While our physical offices are closed until further notice in accordance with Austin's COVID-19 "stay home-work safe" order, the Handbook of Texas will remain available at no-cost for you, your fellow history enthusiasts, and all Texas students currently mandated to study from home. If you have the capacity to help us maintain our online Texas history resources during these uncertain times, please consider making a 100% tax-deductible contribution today. Thank you for your support of TSHA and Texas history. Donate Today »


Helen Gomer Schluter

WARRINER, PHANUEL WARNER (ca. 1798–1879). Phanuel Warner Warriner, minister and missionary, was born in Wilbraham, Massachusetts, on March 17, 1798 (or 1799). He received a B.S. degree from Hamilton College in Clinton, New York, in 1826 and a theological degree from Andover Theological Seminary in Newton Center, Massachusetts, in 1829; he was ordained to the ministry in the Park Presbyterian Church in Boston on September 24, 1829. He was married to Apphia Garrison of New Hampshire on September 28, and the same year he became the first settled pastor of the First Presbyterian Church in Monroe, Michigan Territory, where he remained until 1834. From then until 1839 he was pastor of the Presbyterian congregation in White Pigeon, St. Joseph County. Warriner moved to the Republic of Texas about 1840 to serve as a representative of the American Home Missionary Society in Sabine, San Augustine, and Jasper counties. He preached at various places in the area until he became the regular pastor of the Presbyterian church in San Augustine in 1844. Soon after his arrival he became a teacher in the chartered, nonsectarian University of San Augustine, and he also served as head of the Ladies' Academy of the university. He, along with Marcus A. Montrose, John May Becton, and J. H. McKnight, formed the Presbytery of Eastern Texas on February 4, 1843, and agreed to "cooperate with the trustees of the university with their advice, sanction, and protection." This move by the Presbyterian leaders caused a conflict with the Methodists, who then organized a school of their own, the Wesleyan Male and Female College. The rivalry between the two schools led to the ultimate closing of both in 1847 and the subsequent formation of the nondenominational University of Eastern Texas. That same year Warriner took a leading part in the establishment of the Masonic lodge in San Augustine. For many years Warriner was the agent for the American Bible Society in Texas and traveled and preached over much of the upper eastern part of the state. After 1863 his health began to fail, and he was no longer active in the missionary field. At the time of the Sabine County census of 1850 Warriner was fifty-two, his wife was forty-four, and they had four children. Warriner died in Tyler on November 3, 1879.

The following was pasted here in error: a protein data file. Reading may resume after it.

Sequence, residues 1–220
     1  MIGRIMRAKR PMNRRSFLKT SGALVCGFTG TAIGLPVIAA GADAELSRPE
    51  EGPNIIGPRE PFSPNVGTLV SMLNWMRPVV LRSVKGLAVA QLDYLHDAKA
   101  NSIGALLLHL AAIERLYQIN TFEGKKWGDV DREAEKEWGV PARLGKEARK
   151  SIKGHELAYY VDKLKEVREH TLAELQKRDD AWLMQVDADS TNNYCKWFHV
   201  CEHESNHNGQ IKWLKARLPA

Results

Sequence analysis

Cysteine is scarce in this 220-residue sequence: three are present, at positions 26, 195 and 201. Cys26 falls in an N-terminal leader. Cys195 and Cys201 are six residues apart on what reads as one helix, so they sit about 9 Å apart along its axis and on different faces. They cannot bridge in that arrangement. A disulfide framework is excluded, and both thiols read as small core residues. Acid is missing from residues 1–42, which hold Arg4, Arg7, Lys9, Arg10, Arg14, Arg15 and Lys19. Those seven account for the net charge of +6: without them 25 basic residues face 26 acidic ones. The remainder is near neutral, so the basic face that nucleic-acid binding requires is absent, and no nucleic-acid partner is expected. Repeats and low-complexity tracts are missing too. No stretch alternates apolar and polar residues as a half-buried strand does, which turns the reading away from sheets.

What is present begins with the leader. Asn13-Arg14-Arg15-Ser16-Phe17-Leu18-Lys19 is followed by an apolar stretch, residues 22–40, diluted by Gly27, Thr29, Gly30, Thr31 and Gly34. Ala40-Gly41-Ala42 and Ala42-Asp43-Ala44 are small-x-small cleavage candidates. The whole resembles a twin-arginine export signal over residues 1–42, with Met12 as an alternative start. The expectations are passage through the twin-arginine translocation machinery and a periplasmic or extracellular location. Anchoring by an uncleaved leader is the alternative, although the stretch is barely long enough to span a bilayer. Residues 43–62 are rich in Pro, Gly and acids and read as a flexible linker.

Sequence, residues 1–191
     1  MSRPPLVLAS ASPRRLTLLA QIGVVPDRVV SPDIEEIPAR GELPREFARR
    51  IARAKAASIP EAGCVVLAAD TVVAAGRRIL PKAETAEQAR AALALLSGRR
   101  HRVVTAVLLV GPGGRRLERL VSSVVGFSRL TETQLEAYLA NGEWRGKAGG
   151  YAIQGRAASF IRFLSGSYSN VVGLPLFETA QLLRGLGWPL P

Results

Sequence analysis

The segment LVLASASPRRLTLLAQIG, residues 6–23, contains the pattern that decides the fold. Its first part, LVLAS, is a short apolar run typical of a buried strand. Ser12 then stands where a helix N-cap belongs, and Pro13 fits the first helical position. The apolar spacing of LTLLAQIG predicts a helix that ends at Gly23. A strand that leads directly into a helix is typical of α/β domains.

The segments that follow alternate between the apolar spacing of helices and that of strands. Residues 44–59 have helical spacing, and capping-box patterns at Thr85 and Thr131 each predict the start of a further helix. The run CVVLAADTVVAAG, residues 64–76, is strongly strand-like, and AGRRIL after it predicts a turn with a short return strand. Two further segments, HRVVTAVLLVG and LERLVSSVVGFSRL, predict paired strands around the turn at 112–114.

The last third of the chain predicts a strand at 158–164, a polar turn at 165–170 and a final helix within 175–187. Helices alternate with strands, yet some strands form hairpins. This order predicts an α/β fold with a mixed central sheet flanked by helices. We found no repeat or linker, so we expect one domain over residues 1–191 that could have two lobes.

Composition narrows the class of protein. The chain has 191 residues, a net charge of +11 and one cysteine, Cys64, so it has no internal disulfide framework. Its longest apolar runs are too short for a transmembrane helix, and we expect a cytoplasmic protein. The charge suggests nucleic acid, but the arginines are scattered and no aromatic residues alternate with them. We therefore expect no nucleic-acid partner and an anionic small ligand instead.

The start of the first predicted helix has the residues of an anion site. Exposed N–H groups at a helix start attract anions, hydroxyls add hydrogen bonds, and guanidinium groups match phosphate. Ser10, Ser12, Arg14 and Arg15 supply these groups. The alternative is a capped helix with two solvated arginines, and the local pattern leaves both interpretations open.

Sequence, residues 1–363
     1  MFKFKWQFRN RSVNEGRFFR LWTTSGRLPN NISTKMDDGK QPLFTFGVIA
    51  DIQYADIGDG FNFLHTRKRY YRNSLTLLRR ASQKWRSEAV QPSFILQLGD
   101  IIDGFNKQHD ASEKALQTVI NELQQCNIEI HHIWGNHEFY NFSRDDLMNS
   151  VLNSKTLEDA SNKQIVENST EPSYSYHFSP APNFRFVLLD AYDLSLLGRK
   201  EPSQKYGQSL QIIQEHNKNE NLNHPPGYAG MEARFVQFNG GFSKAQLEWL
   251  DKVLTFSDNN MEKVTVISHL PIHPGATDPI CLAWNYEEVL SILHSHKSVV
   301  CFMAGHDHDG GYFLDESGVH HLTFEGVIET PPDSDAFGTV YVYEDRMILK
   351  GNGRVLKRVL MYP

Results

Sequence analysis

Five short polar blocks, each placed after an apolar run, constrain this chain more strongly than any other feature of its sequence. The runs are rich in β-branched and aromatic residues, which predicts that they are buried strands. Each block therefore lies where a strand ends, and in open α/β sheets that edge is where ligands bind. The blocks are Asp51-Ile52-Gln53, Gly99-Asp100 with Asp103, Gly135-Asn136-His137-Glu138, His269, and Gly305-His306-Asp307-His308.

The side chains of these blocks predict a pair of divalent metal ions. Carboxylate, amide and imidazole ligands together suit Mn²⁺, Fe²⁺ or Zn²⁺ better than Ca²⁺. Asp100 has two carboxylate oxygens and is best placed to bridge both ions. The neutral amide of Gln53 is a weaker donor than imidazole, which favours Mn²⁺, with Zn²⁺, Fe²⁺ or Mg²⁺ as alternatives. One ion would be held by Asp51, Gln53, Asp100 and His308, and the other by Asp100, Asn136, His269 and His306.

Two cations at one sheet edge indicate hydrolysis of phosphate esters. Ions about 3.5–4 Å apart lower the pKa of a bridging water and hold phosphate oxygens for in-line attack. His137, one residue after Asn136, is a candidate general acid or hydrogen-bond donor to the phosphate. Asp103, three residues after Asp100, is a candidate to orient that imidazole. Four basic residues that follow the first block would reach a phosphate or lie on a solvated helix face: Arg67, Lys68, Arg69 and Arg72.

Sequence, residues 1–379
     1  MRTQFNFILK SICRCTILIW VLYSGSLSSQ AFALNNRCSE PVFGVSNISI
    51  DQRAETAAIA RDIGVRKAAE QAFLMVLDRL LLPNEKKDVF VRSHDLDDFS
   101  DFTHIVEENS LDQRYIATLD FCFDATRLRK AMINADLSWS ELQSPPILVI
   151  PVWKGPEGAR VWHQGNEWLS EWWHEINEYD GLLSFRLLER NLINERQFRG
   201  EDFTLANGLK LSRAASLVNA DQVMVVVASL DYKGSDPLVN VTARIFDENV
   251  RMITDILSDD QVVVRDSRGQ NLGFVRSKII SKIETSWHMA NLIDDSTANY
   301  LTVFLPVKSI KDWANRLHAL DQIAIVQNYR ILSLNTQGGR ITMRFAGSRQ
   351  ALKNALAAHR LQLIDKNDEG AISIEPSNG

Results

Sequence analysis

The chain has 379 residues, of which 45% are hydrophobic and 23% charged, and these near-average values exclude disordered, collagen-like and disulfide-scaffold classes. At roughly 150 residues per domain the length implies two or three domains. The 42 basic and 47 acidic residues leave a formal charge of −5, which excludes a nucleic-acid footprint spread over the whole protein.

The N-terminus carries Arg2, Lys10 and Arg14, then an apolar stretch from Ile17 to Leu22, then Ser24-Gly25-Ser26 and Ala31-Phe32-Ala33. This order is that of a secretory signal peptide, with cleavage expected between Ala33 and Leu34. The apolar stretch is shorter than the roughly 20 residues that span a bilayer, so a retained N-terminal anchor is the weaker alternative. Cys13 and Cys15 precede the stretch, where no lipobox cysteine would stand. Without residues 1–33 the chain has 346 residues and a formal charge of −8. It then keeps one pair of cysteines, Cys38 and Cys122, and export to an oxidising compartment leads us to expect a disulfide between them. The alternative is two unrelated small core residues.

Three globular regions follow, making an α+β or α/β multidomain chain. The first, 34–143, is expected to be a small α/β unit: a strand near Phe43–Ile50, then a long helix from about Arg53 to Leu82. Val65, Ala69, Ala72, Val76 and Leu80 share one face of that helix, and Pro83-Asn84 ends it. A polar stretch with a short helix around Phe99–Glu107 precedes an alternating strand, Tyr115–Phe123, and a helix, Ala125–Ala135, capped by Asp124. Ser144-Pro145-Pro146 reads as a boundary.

George L. Crocket, Two Centuries in East Texas (Dallas: Southwest, 1932; facsimile reprod. 1962). Dan Ferguson, "The Antecedents of Austin College," Southwestern Historical Quarterly 53 (January 1950). William Tellis Parmer, A Centennial History of Sexton Lodge (Milam, Texas: Sexton Lodge, 1960). Jessie Guy Smith, Heroes of the Saddle Bags: A History of Christian Denominations in the Republic of Texas (San Antonio: Naylor, 1951).

Image Use Disclaimer

All copyrighted materials included within the Handbook of Texas Online are in accordance with Title 17 U.S.C. Section 107 related to Copyright and “Fair Use” for Non-Profit educational institutions, which permits the Texas State Historical Association (TSHA), to utilize copyrighted materials to further scholarship, education, and inform the public. The TSHA makes every effort to conform to the principles of fair use and to comply with copyright law.

For more information go to: http://www.law.cornell.edu/uscode/17/107.shtml

If you wish to use copyrighted material from this site for purposes of your own that go beyond fair use, you must obtain permission from the copyright owner.


The following, adapted from the Chicago Manual of Style, 15th edition, is the preferred citation for this article.

Handbook of Texas Online, Helen Gomer Schluter, "WARRINER, PHANUEL WARNER," accessed May 30, 2020, http://www.tshaonline.org/handbook/online/articles/fwa60.

Uploaded on June 15, 2010. Modified on February 22, 2019. Published by the Texas State Historical Association.
visit the mytsha forums to participate

View these posts and more when you register your free MyTSHA account.

Call for Papers: Texas Center for Working-Class Studies Events, Symposia, and Workshops
Hi all! You may be interested in this call for papers I received from the Texas Center for Working-Class Studies at Collin College...

Katy Jennings' Ride Scholarly Research Request
I'm doing research on Catherine Jennings Lockwood, specifically the incident known as "Katy Jennings' Ride." Her father was Gordon C. Jennings, the oldest man to die at the Alamo...

Texas Constitution of 1836 Co-Author- Elisha Pease? Ask a Historian
The TSHA profile of Elisha Marshall Pease states that he wrote part of the Texas Constitution although he was only a 24 year-old assistant secretary (not elected). I cannot find any other mention of this authorship work by Pease in other credible research about the credited Constution authors...